I just had to giggle. The first show that I took Rocket to we did english halter and he was a total spazz, wouldn't stand still for more than three seconds, i kept having to turn him and reposition him, it was really embarrassing next to all the nicely mannered showmanship horses. We ended up with a first anyway, and when I asked the judge why they said it was because my horse's trot was so impressive compared to all the WP trained horses. Oh well!


So not to jack the thread, but how do you square up a horse? The man that I bought Malibu from got her to square up really well, but I haven't been able to get the same out of her since!
 

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Discussion Starter #14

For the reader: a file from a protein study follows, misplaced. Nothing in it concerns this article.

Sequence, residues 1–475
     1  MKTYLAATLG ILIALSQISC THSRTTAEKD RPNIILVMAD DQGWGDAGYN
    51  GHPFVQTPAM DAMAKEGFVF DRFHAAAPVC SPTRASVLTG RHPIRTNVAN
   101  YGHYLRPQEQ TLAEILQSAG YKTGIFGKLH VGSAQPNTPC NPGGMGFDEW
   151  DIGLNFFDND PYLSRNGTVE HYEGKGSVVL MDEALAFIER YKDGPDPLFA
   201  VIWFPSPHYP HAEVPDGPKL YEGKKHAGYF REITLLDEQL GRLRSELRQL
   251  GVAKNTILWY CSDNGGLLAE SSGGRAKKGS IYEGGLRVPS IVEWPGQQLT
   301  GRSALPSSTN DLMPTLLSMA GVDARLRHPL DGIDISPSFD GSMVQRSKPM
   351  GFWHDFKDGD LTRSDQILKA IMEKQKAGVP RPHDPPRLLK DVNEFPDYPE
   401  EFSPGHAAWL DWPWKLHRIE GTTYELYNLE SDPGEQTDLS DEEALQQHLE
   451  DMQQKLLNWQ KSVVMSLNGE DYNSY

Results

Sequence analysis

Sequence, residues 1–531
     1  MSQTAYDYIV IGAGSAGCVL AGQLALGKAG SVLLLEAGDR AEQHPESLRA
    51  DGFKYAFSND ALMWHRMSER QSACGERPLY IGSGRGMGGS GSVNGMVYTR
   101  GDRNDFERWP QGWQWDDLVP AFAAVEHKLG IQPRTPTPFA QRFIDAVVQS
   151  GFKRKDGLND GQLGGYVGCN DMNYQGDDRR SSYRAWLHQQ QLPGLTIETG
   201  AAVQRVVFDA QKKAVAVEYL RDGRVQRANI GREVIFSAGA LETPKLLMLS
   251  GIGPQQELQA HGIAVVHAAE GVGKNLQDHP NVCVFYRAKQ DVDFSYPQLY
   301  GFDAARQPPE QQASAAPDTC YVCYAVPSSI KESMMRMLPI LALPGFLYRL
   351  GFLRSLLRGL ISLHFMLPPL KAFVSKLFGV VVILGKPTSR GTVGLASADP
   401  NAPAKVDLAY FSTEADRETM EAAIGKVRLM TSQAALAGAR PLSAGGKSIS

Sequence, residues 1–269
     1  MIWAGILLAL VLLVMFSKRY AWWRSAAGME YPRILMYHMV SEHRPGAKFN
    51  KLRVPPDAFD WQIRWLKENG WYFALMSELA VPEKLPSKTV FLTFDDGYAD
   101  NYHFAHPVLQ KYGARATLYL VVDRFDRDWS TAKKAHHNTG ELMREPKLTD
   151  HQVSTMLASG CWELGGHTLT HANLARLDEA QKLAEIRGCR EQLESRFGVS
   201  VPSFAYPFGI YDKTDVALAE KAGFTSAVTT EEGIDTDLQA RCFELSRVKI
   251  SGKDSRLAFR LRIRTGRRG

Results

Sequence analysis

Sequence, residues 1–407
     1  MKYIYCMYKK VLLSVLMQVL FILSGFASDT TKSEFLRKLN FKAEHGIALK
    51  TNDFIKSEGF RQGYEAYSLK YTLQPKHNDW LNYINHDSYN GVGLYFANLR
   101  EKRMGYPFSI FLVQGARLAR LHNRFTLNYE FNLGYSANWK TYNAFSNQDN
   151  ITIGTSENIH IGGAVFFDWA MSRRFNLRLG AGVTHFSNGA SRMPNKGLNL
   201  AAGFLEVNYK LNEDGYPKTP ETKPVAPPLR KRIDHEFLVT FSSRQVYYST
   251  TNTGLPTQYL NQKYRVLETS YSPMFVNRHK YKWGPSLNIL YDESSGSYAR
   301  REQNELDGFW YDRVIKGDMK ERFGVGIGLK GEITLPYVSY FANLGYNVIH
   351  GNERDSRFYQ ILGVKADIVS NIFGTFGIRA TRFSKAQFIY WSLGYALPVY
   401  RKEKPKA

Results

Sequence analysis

So not to jack the thread, but how do you square up a horse? The man that I bought Malibu from got her to square up really well, but I haven't been able to get the same out of her since!
Sometimes its pretty hard. I usually just back them up and walk them forward trying to stop them when they are square or close to it. I know in 4h the kids poke the cattle and rub their legs with a pole to get them to stand square.
 

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So not to jack the thread, but how do you square up a horse? The man that I bought Malibu from got her to square up really well, but I haven't been able to get the same out of her since!

Honestly? I use treats to get Java to stand square. Well, I did when I taught him at least and still do occasionally.

I moved his feet in place and said "stand" then gave him a treat. After a while he figured it out and will ALWAYS square himself up now in hopes for another treat. ;)
 

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I havent met a horse who can't pivot lol. Its one of the first things I teach my horses. I mostly use it to keep the hind end out of my way, or to push a horse away if they try to kick out.